– I believe that mRNA will change medical treatment in the future. There are 250 clinical studies underway now, says Drew Weissman, one of this year’s winners of the Nobel Prize in Medicine.
His research group at the University of Pennsylvania conducts animal trials and patient studies of mRNA vaccines against, among others, norovirus, malaria, tuberculosis, peanut and mite allergies, type 1 diabetes, gluten intolerance, and rheumatoid arthritis. Many mRNA studies for cancer treatment are also being conducted around the world.
After one injection, the patients became healthy
A study conducted on a patient with hereditary liver disease had amazing results. “One treatment and a year later patients were still recovering,” says Drew Weisman.
The second winner of this year’s Medicine Prize leads a research group at the University of Szeged in Hungary that is also developing new mRNA therapies.
– A team is working on a vaccine against Candida infection (a fungal disease), says Katalin Carrico.
Using mRNA, the body makes its own medicine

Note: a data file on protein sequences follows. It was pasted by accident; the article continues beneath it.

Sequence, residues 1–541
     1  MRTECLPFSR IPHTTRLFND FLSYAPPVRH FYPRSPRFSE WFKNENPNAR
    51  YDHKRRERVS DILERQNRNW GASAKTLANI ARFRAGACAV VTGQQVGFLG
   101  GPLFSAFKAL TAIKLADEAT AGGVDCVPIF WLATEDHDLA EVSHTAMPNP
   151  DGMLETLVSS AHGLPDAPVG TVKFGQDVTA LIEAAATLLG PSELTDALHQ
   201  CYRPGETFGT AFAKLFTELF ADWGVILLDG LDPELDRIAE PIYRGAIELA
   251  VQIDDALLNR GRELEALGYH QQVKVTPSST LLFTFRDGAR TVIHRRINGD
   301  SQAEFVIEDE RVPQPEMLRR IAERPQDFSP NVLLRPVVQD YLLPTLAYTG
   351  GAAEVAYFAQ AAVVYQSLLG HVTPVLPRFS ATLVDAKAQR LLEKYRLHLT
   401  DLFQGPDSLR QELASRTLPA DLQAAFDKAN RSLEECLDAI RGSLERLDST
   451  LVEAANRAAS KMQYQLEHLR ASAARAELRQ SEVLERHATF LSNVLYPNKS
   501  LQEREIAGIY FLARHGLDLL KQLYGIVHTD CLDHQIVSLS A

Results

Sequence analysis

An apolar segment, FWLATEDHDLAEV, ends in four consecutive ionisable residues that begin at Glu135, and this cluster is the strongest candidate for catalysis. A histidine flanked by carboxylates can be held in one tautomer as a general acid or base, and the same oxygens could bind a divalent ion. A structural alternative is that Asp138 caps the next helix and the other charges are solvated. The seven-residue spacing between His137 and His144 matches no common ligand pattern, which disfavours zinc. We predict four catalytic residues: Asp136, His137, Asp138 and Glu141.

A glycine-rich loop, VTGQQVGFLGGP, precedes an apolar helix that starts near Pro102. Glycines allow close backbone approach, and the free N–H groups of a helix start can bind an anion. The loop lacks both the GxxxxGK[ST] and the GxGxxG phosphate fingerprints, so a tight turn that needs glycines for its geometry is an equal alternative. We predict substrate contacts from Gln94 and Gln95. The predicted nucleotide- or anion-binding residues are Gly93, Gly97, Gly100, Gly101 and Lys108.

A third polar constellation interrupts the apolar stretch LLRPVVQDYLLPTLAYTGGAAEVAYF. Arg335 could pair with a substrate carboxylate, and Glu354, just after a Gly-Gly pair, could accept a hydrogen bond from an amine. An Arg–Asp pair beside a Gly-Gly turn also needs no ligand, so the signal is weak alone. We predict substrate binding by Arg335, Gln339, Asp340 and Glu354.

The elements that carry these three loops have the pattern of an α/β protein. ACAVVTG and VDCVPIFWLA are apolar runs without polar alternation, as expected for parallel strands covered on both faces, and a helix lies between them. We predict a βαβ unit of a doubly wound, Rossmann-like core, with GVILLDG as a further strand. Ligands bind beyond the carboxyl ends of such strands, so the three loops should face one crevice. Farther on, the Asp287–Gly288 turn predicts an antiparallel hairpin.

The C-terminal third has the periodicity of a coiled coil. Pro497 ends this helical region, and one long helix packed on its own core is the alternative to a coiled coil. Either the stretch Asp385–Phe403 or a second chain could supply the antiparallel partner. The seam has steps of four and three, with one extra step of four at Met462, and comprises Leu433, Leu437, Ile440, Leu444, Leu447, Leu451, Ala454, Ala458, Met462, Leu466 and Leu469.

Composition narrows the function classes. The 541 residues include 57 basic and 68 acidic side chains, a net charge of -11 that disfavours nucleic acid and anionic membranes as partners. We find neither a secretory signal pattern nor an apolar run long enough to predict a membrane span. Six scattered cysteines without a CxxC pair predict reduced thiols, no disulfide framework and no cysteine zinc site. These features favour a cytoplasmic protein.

The clever thing about using mRNA technology as a treatment is that you are then giving the cells a recipe so that they themselves can produce the proteins they need for good health.
– It’s as if you are in a restaurant where you have a recipe (mRNA) and take it to the chef (ribosomes) who cooks it, explains Katalin Carrico.
Drew Wiseman has been searching for a cure for HIV for 30 years and hopes that messenger RNA (mRNA) will lead to a breakthrough against AIDS so that another global epidemic can be stopped.
The advantage of using RNA is that it may one day be possible to treat people infected with HIV in sub-Saharan Africa with a single injection, curing them of the virus, according to Drew Wiseman.
“Extreme tv maven. Beer fanatic. Friendly bacon fan. Communicator. Wannabe travel expert.”